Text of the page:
SACRAMENTO — The Assembly on Monday passed a major health insurance bill sponsored by Speaker Willie Brown (D-San Francisco) that would require businesses with more than five workers to provide insurance coverage for their employees.
The 41-to-34 vote--the bare minimum required for passage--sent the bill to an uncertain fate in the Senate, where business groups are expected to lobby heavily against the measure.
Brown described his bill as "a very small step" toward the provision of health insurance for every Californian. But Republican opponents said the legislation would hinder creation of small businesses by imposing an additional burden on fledgling companies least able to afford it.
Coverage After 3 Months
The measure would apply to any California business with more than five employees working at least 87 hours a month, or about 20 hours a week. Companies would have to provide the insurance to workers who had been on the job for at least three months.
Employers would be responsible for 75% of the insurance policy's cost. They could deduct the balance of the premium from their employees' paychecks. The bill would require businesses to continue providing insurance for up to three months after an employee became hospitalized or disabled.
The insurance policies would have to include hospital, surgical, mental health and maternity coverage, a package Brown estimates would cost about $85 per employee each month.
Brown's plan, which would need a change in federal law to take effect, is modeled after Hawaii's health insurance statutes. Brown said he would work toward a change in the federal law if the bill is approved. The Hawaii plan, which Congress exempted from the federal ban on such measures, applies to any business with one or more employees.
"We are the only industrialized nation in this world that will not cover adequately the health care of all its citizens," Brown said. "This is a very small step. It is a step we ought to take. It is a step we should have taken a long time ago."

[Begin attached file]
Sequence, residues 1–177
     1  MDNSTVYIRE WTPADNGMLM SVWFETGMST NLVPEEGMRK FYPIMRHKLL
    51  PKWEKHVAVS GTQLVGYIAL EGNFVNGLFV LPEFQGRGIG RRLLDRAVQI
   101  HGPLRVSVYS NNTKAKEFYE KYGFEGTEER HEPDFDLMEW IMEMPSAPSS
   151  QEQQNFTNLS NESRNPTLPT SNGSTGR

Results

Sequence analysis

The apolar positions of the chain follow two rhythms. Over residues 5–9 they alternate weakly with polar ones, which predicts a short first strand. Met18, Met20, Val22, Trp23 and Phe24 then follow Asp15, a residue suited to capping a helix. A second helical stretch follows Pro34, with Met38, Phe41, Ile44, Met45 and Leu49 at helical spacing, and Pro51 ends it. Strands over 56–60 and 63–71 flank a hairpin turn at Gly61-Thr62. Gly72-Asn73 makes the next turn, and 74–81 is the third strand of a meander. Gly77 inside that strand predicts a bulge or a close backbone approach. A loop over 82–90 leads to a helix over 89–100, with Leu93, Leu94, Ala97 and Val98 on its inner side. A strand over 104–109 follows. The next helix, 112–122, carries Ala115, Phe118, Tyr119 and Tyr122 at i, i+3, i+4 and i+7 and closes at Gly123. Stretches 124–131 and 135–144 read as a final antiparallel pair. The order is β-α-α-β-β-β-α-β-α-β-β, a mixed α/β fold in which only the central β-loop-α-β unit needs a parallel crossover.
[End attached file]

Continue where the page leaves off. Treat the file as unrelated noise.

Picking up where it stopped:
'Least Worst' Solution
Assemblyman Bruce Bronzan (D-Fresno), chairman of the Assembly Health Committee, described Brown's bill as the "least worst" solution to an "outrageous" problem. Bronzan said lower-income workers without insurance tend to delay basic health care until they have an emergency, which leads to higher medical costs that must be borne by taxpayers.
"It is not the answer," Bronzan said of the legislation. "It deals with a piece of the problem. But right now we have no practical alternative."
Republicans, who voted in unison against the measure, complained that Brown's proposal would place an unfair burden on business owners. Workers would suffer in the end because fewer businesses would mean fewer jobs, they said.
Assemblyman Eric Seastrand (R-Salinas) contended that more than 80% of California's jobs are created by small businesses with 20 or fewer employees.
"Very few people in this chamber really understand what it takes to start up a new business," Seastrand said. "This bill's mandate . . . will have nothing but a detrimental effect."
Impact on Employers Cited
And Assemblyman Gil Ferguson (R-Newport Beach) complained that the state's "economic engine" would grind to a halt if the Legislature continued to "pile every cost imaginable" on California employers.
But Brown shrugged off the criticism, insisting that most businesses already provide insurance and that new businesses usually have fewer than five employees and would therefore be exempt from the bill. He did agree to consider amendments that would exempt all companies that have not been in business at least five years.
Brown said he had not yet discussed his bill with Republican Gov. George Deukmejian. He said he would do so "at the appropriate time." Deukmejian's office said the governor had no position on the bill.